About this blog

This blog represents a work in progress, a collection and assemblage of thoughts, rants, research and practice, in an attempt to navigate my artistic learning and practice through my MA in Fine art at Birmingham School of Art.

It’s organised (if a little chaotically at times) into a few categories:

  • Contemporary Philosophy and Aesthetics – CPA (Option module)
  • Mindfulness, Wellbeing and Environment in Context – MAW (Option module)
  • Research in Practice – RIP
  • Advance Practice – AP
  • Radical Art and Social Practice – RASP (A space to let off steam and hopefully turn it into something positive)

New categories to come:

  • Things Imagined But Yet To Be Made – TIBYTBM (A repository for good and bad ideas and proposals, a place for them to sit and hum, to be later raided and perhaps realised)
  • Stop Look Make – SLM (A section which follows the development and delivery of a new course linking philosophy, art and wellbeing, to be delivered in Jan 2018)
  • Final Presentation – FP (Final MA Show Presentation/Dissertation)

Dropping in for the last time – The Craft of Insect Music

Final workshop of the Art and Sound symposium was an exploration into the craft of insect music.  Run by PHD student, musician and amateur entomologist, Justin Grize (University of Sussex), the workshop explored the process of imitating insect sound, using every day objects, to create a mini insect opera. Participants were given a sound to mimic, then with our eyes closed, we were instructed to make the sound, take one step closer to sounds which we felt were the same as ours and a step away from those which might be predatory, or ‘diferent’ sounds. The peice ended once we felt we had achived spacial groupings of our own species.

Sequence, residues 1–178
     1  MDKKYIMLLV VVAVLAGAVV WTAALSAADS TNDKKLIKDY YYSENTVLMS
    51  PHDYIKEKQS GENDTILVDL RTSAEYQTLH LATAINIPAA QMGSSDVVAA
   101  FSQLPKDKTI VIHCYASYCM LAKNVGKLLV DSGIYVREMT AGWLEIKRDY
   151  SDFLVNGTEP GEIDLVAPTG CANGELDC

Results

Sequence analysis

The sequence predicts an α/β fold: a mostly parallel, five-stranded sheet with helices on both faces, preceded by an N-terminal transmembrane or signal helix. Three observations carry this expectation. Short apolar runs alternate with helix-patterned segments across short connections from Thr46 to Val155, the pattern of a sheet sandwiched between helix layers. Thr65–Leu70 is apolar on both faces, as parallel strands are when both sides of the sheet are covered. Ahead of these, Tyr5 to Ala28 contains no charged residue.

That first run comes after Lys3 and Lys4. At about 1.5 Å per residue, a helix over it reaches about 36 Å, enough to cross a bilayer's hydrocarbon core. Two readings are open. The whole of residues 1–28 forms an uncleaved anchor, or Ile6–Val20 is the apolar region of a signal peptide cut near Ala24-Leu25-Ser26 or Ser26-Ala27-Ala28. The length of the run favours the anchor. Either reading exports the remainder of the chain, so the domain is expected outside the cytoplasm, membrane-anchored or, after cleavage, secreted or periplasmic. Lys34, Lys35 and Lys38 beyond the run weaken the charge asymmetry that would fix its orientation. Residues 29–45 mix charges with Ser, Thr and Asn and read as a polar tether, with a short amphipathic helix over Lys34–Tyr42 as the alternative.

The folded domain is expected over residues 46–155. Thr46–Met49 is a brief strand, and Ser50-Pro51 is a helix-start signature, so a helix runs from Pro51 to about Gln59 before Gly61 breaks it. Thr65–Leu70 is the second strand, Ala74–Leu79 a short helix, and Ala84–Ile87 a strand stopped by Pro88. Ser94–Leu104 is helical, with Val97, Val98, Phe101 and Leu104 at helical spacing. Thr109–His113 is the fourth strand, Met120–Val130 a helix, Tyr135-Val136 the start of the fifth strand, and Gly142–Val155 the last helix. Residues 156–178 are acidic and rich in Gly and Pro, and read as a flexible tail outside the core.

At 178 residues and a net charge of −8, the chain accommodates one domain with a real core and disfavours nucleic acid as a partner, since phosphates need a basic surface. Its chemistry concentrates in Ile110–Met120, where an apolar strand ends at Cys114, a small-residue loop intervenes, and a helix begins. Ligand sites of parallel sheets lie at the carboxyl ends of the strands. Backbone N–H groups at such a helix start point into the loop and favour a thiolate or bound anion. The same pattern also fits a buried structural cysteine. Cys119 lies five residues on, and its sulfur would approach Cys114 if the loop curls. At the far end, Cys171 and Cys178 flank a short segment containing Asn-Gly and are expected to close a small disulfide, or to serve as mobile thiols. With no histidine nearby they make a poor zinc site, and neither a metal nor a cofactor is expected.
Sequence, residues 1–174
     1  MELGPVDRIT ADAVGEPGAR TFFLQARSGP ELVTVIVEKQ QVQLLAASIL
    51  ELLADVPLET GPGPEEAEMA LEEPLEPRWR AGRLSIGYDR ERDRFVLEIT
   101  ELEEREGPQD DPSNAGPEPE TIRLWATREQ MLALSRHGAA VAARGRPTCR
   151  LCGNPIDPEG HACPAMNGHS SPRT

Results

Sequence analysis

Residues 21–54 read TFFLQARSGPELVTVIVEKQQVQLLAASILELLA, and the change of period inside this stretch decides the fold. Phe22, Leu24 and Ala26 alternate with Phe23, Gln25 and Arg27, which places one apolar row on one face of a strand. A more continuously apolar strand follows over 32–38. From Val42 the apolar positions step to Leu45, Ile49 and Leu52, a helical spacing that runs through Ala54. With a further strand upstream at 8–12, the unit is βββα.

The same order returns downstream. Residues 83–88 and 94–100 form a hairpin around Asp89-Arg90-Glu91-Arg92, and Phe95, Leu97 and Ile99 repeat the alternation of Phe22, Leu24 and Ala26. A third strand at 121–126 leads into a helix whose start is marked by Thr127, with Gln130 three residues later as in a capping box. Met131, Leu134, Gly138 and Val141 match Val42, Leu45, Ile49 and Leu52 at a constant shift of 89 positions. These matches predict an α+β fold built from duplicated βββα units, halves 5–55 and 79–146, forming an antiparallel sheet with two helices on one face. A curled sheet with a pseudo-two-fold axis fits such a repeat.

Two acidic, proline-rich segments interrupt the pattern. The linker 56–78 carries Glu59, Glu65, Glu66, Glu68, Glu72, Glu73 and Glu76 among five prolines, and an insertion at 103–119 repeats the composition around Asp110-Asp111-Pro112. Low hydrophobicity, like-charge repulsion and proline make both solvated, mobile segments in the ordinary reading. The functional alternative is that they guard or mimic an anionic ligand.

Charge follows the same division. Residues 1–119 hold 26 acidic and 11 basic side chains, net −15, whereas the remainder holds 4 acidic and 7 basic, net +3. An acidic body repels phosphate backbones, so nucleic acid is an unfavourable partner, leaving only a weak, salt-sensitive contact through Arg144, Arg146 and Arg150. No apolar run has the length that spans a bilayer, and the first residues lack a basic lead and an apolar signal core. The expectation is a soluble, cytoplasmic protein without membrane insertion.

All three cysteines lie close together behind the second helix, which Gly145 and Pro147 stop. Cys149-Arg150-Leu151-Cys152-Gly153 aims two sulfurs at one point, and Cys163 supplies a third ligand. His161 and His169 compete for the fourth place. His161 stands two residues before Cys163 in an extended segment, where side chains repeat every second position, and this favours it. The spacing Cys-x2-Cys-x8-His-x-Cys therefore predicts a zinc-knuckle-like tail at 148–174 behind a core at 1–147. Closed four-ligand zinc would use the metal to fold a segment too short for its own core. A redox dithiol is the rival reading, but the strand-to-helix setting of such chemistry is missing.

Needless to say, appart from rasing some interesting questions about musical craft, it was emence fun.

Solastalgia and the madness of a new mental illness

Philosopher Glenn Albrecht proposes Solastalgia as a new typology in human and environmental relationships based, on the drama between forces of creation and forces of destruction. My concern, having read some of the responses to this idea, is that this new typology of ‘being’ has already been debated as a new ‘mental disorder’, which yet again seeks to pathologies our human response to climate and environmental change, placing the ‘problem’ within the individual, not with the agents of change. Albrecht stresses that at the heart of this typology is the love of and solidarity for collective responsibility for the health of the earth. This is an extension to my arguments on the modernist disconnect and the death of the sublime.  It’s about time we recognised that we are living organisms, entangled with every other living organism on the planet and faced up to our responsibility not just to look after the planet but to look after each-other and to re-connect with our humanity.